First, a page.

Clothing Layers to Avoid Hypothermia in Cold Weather

Today, I just wanted to talk about Hypothermia and how we can avoid this condition by layering our clothes based on the outdoor activity we are doing.

First thing let’s talk about Hypothermia, which a lot of people who talk about layers, don’t spend much time explaining what hypothermia is. It is a very sneaky and dangerous condition to get while outdoors, proper planning and being aware of the symptoms is very important.

What Is Hypothermia

Hypothermia is is when outside environment affects our core body temperature where it drops by 1 or 2 degrees. There are 3 phases of hypothermia, but I’ll just just on the early stages since it’s something that we’ve probably have encountered but never knew it.

The tricky thing about these symptoms is that you may not be aware, so it’s yet another excuse to bring a buddy with us.

Early signs are uncontrollable shivers, the “umbles” (stumble, mumble, fumble) and lethargic. In which case you need to get warm now! One effective way is to get the internal heat generating by simply moving more, jumping jacks, running in place; ingest warm/hot liquids, remove wet layers and add warm layers.

The best place to see hypothermia in action unfortunately is to go to a running race (either a 10 mile or half marathon) in early spring or later fall. Out in my region, you see this all the time.

Why do I see this often? Well technically, hypothermia can occur whenever the environment is lower than your core temperature. We probably would have put on a sweater or turned up the heat in those situations. But some of the information published by search & rescue outfts seem to center around the 15C or below mark where our bodies can get in a hypothermic state quicker.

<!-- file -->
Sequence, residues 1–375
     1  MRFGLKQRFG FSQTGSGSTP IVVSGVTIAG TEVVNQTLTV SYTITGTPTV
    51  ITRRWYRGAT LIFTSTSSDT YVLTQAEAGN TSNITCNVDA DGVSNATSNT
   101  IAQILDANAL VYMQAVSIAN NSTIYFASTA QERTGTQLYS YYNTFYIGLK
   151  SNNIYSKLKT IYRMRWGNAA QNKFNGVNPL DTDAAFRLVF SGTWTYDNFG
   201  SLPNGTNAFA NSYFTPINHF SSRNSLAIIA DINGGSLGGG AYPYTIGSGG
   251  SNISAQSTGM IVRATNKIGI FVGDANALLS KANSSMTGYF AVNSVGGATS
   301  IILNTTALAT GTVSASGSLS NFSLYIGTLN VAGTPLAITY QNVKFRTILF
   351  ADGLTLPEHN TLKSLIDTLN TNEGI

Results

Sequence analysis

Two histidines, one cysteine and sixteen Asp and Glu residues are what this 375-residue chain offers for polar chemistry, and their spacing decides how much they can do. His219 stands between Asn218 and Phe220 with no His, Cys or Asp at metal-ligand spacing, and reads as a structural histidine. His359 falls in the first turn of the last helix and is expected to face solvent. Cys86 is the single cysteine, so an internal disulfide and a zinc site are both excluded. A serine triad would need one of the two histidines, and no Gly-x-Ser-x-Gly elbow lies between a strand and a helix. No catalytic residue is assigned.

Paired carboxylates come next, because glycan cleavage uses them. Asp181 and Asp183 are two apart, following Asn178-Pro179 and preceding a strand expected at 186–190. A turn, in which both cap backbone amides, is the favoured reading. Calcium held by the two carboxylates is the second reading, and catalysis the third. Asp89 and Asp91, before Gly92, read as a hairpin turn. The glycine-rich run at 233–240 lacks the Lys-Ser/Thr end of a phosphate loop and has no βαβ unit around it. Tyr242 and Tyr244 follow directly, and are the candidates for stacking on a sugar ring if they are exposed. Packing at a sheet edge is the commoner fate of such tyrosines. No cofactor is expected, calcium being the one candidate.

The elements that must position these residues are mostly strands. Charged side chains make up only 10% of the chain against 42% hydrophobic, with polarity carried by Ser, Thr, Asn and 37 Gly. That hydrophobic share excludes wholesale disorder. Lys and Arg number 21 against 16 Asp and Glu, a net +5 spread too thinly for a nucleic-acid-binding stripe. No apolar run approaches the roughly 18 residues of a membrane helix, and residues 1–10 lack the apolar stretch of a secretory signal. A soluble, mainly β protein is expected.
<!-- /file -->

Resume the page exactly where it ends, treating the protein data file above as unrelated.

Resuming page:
Clothing Layers to Combat Hypothermia

So how can we combat this? By wearing our clothing in layers and choosing the right pieces based on our activity.

But first, how can we lose body heat?

  • Convection – Wind that blows away our body heat
  • Conduction – When we are against a cold surface, like sleeping on cold ground.
  • Evaporation – the cooling effect when we sweat or get wet.
  • Radiation – We radiate heat, layers are used to trap that heat.

At this point, you’ve probably have seen or read about layers and what I wear generally works for me in my region. However, you may have different layering combinations in your region.

  • Base Layer – skin tight layer meant to wick moisture away from you.
  • Mid Layer – This layer is meant to insulate you. This is where you’ll be playing around with different thickness of fleece
  • Outer layer – This is the layer that will protect us from wind and/or rain.

Cotton vs Wool vs Synthetic

I tend to mix & match wool & synthetic, but you’ve probably have seen or read about how cotton may not be the best fabric for extended outdoor outings. A couple of reasons for this:

  1. Cotton absorbs a lot of moisture – this is great when we’re doing the dishes or getting out of the shower, but ain’t that great when we’re outdoors.
  2. Cotton loses a lot of its insulating properties when wet, unlike wool where wool can maintain a good chunk of its insulating properties when wet.